The Bambara (or Bamana) belong to the Mande language group. They are the heirs of the great Empire of Mali (11th to 15th centuries) and the two later kingdoms of Segu and Kaarta.
This farming tribe has developed an original culture in which music, theatre (koteba) and dance play an important role.
Originally fixed to a wicker cap, this sculpture is a headdress that is used in the agricultural rites of the Bambara, organized by a society of initiates called Chi Wara, "champion of cultivation". This figure is a combination of three animals that inhabit the bush: the antelope, the pangolin and the anteater. Each of these animals evokes an episode of the founding myth of the Bambara farmers.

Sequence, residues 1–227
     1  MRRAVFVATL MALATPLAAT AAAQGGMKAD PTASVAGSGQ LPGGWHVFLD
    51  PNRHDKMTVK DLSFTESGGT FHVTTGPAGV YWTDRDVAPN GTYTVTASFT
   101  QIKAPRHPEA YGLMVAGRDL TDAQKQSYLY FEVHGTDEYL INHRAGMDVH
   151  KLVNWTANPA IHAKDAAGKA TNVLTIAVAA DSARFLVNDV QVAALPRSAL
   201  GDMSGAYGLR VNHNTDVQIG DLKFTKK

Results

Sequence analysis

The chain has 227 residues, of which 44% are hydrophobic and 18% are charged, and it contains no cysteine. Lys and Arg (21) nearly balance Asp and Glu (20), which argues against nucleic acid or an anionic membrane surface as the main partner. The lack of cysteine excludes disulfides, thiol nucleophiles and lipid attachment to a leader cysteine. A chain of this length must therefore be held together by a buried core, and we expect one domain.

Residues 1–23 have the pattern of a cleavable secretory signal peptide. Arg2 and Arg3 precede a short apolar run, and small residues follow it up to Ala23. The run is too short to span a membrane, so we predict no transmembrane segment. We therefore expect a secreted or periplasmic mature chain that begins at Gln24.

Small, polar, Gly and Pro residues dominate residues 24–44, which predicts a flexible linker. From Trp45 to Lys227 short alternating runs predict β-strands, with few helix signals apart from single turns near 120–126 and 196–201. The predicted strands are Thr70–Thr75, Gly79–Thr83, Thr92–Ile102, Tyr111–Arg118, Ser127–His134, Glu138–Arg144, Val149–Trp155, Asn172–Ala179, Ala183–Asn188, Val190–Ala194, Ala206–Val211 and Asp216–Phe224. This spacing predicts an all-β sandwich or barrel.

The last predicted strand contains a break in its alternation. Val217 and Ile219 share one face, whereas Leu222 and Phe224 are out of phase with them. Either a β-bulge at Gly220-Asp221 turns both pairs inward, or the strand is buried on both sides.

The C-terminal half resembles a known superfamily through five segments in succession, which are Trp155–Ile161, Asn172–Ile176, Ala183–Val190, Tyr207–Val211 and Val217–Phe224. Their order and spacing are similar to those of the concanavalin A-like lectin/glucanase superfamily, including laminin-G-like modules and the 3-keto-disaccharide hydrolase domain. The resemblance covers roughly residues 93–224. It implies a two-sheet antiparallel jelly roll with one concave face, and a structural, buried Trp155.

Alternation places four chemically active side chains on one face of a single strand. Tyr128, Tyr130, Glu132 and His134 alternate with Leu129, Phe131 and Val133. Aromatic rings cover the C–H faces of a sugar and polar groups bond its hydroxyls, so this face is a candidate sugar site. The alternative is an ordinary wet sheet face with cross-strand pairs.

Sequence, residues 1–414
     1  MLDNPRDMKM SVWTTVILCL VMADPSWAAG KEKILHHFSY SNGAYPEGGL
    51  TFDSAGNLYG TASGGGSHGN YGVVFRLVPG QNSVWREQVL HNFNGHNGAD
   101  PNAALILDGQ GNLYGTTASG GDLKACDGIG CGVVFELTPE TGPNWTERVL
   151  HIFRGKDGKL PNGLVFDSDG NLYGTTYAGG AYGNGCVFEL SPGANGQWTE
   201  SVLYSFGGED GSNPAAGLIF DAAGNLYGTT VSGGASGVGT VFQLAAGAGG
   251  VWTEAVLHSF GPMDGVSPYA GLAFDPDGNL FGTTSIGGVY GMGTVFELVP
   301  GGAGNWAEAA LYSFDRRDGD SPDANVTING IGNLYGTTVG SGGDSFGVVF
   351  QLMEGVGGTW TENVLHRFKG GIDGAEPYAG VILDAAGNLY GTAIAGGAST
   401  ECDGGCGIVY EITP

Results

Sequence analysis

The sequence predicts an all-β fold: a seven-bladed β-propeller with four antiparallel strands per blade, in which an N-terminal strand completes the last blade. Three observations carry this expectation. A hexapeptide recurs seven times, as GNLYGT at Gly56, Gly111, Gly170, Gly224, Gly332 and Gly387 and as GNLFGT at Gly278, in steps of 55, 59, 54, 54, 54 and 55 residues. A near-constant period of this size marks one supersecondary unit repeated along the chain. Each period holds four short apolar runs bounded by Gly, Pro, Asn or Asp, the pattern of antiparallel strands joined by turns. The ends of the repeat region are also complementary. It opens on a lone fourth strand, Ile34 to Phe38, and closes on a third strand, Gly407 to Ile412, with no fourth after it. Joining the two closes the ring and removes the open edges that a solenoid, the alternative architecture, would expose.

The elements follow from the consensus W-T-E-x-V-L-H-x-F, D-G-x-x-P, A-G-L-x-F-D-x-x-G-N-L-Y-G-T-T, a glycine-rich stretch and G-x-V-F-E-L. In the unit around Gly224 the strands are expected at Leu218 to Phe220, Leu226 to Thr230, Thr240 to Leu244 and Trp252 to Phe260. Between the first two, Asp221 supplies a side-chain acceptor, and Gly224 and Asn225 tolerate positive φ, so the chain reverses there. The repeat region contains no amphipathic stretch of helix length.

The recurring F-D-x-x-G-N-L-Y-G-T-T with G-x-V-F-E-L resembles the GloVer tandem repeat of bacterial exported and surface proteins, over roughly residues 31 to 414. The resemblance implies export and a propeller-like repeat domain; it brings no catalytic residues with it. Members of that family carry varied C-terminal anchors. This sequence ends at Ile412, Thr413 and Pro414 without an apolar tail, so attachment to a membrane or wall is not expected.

The antelope, with its thrusting horns, symbolizes fertility and growth in all the Sudanese regions. It is this legendary antelope, half animal and half human, born of the union between Mousso Koroni, the Old Mother, and the Serpent, who taught men the art of cultivating the land and transforming weeds into millet.
The pangolin, a terricolous mammal covered in large scales, incarnates the subterranean life of the plant, as well as embodies strength and determination.
As for the anteater, it represents the specific mode of growth of the groundnut that is replanted after flowering to produce its fruit under the ground...
Reproduction in hand patinated resin
- H. 87 L. 28 P. 9 cm
H. 34.24" W. 11.02" D. 3.54" - 9.26 lbs
- Black wood
- Material of the original
- Paris - Musée du quai Branly - Jacques Chirac
- Animals, Africa
- Art movement
- African Art